In The Good Guy, Roupenian excavates what forms desire - in the case of our host Ted, it is the fantasy that helps him to climax: the image of his penis as a knife penetrating his partner. "He knew it wasn't great, this fantasy. Yes, the scene he was imagining was ostensibly consensual, but you couldn't ignore its underlying aggressive themes," was his hapless "nice guy" take on his own disturbed sexual nature. The implication that in this porn-centric age, the "good guys" are the ones refraining from acting on their misogynist fantasies is indescribably grim.

The images of mutilation, pain and shame arise again and again. Funny that while Roupenian was being cast as a literary Lena Dunham in the wake of Cat Person - "What?" quipped one Twitter-user, "The New Yorker is just publishing diary entries now?" - she was, in fact, assembling a collection that owes more to the body horror genre than any millennial angst.

This book calls to mind the suburban nightmares of AM Homes and the ultra violence of Chuck Palahniuk. However, Roupenian's violence is of a more nebulous and ultimately more frightful kind than any overt displays. What is unsaid in these stories leaves a deeper mark as in the opening story of a game of submission gone awry. The final scene of despair will leave you gasping but the words are spare, only chipping away at a morass of degradation, leaving us to fill in the sickening blanks.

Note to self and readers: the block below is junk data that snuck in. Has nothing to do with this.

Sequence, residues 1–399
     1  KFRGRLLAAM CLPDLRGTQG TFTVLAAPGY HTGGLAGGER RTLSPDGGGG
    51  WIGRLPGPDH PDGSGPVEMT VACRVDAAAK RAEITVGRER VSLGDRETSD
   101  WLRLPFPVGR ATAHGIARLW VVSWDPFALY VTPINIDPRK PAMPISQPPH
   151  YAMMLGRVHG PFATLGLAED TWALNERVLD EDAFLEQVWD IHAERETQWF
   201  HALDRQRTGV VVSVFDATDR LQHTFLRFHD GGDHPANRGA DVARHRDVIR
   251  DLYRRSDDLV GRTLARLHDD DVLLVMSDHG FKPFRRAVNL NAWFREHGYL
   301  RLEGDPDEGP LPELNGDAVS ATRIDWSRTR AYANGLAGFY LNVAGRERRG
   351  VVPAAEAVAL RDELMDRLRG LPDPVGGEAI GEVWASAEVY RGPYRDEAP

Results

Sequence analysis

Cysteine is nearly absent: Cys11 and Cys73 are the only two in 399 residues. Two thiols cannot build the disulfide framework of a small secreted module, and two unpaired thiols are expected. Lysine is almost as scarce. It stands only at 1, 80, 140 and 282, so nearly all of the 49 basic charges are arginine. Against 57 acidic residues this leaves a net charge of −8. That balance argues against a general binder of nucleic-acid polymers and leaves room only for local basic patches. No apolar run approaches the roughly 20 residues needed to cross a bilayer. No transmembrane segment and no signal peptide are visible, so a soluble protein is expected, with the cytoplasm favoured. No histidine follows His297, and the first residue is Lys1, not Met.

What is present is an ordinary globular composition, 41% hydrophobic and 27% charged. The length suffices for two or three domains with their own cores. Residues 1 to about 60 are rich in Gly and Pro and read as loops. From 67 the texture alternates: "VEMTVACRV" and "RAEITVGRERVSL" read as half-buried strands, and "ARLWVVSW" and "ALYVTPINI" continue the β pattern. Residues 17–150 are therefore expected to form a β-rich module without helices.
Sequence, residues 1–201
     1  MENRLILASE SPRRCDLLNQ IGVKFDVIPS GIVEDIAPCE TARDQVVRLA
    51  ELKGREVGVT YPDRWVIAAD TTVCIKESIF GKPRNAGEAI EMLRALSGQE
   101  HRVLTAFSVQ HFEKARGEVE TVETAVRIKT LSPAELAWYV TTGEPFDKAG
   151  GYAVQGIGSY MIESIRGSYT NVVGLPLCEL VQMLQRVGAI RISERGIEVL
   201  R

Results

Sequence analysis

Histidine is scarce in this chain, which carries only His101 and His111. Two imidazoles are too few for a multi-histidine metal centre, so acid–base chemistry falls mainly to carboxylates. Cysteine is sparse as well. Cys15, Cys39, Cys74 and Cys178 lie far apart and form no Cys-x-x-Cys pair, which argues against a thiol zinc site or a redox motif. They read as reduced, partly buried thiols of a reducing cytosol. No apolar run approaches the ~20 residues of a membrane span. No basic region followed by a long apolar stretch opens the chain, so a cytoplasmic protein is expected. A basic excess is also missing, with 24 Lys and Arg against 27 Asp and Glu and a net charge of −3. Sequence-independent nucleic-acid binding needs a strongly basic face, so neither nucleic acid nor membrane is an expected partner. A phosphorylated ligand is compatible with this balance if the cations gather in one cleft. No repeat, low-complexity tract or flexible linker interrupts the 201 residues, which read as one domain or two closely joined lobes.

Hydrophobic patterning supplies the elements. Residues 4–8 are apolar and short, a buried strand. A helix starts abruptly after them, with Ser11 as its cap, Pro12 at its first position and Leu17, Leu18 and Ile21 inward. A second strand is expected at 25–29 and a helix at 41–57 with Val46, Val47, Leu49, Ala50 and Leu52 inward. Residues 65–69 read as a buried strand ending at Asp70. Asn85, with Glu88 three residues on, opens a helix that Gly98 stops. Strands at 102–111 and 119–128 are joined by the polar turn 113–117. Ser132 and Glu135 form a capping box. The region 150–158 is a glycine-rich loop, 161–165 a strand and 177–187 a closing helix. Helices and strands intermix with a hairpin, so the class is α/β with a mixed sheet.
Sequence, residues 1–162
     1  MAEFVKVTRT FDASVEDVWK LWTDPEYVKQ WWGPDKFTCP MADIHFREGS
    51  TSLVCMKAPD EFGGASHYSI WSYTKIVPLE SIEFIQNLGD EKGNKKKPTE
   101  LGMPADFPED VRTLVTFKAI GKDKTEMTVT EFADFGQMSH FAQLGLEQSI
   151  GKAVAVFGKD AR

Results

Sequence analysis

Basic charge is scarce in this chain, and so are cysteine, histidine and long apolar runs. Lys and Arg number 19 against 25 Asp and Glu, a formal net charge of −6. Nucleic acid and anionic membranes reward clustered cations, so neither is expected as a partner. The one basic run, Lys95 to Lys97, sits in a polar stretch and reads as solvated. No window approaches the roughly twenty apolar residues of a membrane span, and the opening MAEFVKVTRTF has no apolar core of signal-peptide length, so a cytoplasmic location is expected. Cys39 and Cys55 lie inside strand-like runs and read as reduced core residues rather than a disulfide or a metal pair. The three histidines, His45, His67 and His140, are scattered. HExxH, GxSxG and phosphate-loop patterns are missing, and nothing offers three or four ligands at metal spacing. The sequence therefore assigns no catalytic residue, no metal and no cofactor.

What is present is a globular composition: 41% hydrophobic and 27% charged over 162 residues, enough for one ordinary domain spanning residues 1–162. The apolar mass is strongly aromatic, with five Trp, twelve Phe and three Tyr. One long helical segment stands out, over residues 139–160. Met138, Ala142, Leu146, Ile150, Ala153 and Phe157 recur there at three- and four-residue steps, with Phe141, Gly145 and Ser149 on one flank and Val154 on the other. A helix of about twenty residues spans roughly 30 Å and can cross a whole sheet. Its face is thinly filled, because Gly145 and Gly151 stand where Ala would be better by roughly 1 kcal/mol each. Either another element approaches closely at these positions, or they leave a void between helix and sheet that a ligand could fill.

"He did what we told him... soon the terrible girl's skin was parchment white... and she didn't move... Yet he kept going; as the room darkened and the light came in again and the air thickened with smells, we kept him there and he did what we told him to do."

The collection concludes with a playful gag of a story about a woman who craves biting people. Ultimately, a male co-worker unwittingly engineers her fantasy by assaulting her, thus allowing her the opportunity to bite and mutilate his face within the acceptable context of self defence. She goes on to "exploit" the scenario in every new workplace as, she finds, there's "one in every office". The biter has the last laugh, just as Roupenian herself, with her transgressive collection, gets the last laugh on an audience that dissected her and underestimated her.